1st December 2015
Royal Bank of Scotland and Standard Chartered have been highlighted as the weakest in a stress-test of Britain’s largest lenders.
It is the second year the Bank of England has carried out the tests, but this time no bank was required to come up with a new capital plan.
The Bank tested the lenders against a scenario in which the global economy founders and oil falls to $38 a barrel and the, but none were required bank to come up with a new capital plan.
Out of the seven banks tested, RBS and Standard Chartered were found not to have enough capital strength, but both took steps to raise capital, so were not told to come up with a new plan.
Commenting on the results, RBS chief financial officer Ewen Stevenson said: “We are pleased with the progress we have made relative to the 2014 stress test, but recognise we still have much to do to restore RBS to be a strong and resilient bank for our customers.”
Standard Chartered’s chief executive Bill Winters says: “The results of the test demonstrate our resilience to a marked slowdown across the key markets in which we operate.
“The test was conducted on our balance sheet as at the end of 2014. Since then we have made further significant progress in strengthening our capital position.
“We are operating at capital levels above current minimum regulatory requirements and have a number of additional levers at our disposal to further manage capital.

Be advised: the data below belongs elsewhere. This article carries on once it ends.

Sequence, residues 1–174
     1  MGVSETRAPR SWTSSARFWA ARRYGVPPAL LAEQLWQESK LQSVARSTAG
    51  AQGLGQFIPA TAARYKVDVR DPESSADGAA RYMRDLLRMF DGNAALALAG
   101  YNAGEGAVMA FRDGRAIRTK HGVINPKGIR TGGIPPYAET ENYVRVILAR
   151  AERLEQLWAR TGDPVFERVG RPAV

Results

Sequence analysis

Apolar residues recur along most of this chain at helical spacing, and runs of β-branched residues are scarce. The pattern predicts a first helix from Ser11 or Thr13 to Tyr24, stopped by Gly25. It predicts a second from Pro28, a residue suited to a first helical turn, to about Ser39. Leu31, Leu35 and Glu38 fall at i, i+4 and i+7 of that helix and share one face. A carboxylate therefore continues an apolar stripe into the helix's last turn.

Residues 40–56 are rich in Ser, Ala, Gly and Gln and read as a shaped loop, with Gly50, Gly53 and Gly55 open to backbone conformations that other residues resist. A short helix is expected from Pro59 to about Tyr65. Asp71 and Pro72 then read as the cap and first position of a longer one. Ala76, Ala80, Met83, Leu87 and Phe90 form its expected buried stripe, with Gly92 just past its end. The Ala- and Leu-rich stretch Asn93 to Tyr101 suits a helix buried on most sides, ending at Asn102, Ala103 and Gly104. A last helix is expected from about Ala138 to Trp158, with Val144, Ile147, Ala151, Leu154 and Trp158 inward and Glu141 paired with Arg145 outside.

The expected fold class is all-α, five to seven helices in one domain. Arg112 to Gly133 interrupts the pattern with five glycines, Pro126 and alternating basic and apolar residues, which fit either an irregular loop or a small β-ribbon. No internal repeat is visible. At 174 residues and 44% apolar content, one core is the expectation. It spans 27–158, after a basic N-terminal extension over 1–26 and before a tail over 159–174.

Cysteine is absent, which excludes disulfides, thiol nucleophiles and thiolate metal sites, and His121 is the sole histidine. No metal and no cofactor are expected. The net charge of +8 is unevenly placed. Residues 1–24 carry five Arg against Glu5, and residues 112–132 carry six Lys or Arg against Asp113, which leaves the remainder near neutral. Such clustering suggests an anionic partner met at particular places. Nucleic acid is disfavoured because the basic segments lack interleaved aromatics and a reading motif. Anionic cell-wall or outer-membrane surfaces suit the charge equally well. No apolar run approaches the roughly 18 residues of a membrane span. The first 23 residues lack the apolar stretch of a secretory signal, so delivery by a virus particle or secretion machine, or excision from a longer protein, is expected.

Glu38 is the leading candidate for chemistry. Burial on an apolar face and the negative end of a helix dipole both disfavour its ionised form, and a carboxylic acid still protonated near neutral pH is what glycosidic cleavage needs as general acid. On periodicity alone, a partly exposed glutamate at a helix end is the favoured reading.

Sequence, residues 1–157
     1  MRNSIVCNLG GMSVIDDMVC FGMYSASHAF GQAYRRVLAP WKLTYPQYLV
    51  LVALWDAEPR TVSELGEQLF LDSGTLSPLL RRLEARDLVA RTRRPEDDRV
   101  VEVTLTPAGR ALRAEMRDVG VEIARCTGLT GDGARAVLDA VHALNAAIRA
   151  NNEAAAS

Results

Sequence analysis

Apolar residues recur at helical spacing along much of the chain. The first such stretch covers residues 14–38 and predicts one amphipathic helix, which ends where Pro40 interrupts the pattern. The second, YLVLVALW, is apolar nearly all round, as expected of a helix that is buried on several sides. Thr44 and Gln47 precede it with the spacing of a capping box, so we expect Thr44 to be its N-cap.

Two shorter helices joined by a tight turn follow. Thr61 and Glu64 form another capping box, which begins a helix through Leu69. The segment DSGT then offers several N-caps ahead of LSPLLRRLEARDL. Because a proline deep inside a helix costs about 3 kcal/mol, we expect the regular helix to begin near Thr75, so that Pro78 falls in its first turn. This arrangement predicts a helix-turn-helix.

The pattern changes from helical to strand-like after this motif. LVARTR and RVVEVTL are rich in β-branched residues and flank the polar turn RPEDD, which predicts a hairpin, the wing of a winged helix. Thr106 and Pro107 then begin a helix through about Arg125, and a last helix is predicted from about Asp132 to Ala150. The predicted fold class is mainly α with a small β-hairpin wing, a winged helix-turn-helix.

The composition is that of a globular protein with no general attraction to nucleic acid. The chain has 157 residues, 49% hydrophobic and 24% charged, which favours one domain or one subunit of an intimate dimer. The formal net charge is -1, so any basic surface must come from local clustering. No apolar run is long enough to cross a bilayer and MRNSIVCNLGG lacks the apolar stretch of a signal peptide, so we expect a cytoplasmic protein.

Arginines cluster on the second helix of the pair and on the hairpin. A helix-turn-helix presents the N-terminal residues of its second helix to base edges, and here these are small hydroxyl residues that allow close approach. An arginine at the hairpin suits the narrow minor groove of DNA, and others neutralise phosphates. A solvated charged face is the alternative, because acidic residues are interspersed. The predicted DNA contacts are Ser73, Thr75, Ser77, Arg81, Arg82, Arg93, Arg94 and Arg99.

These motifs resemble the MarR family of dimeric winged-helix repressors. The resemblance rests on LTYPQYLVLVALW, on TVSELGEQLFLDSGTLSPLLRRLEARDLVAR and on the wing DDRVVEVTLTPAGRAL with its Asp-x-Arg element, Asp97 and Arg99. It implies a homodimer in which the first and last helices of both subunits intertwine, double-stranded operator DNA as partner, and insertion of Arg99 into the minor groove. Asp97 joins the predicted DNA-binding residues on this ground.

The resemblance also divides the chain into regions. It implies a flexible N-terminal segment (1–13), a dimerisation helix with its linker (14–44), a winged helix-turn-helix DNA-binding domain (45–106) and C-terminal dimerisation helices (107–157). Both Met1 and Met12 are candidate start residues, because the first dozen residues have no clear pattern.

Russ Mould, investment director at AJ Bell, says: “Although all banks passed the stress test, and their share prices are responding favourably, they continue to face strong headwinds.
“The Financial Policy Committee will in time require the big banks to set aside further capital so they comply with the new countercyclical capital buffer, while competition from the challenger banks will not go away.
“Analyst consensus for 2016 has earnings for the big five banks at near 2007 pre-crisis levels (see chart) but you have to wonder if this is realistic, given how robust the economy and markets were back then and the misconduct fines associated with some of those past peak profits.
“Banks remain highly complex, tightly-regulated firms operating in fairly mature markets and most are still in retrenchment mode, with cost-cutting rather than top-line growth driving earnings. Ultimately you cut bone not flesh and underinvestment in IT and services will further play into the hands of the challenger banks.
“While the big seven banks will collectively sigh with relief today, they will remain under the microscope for some time to come.”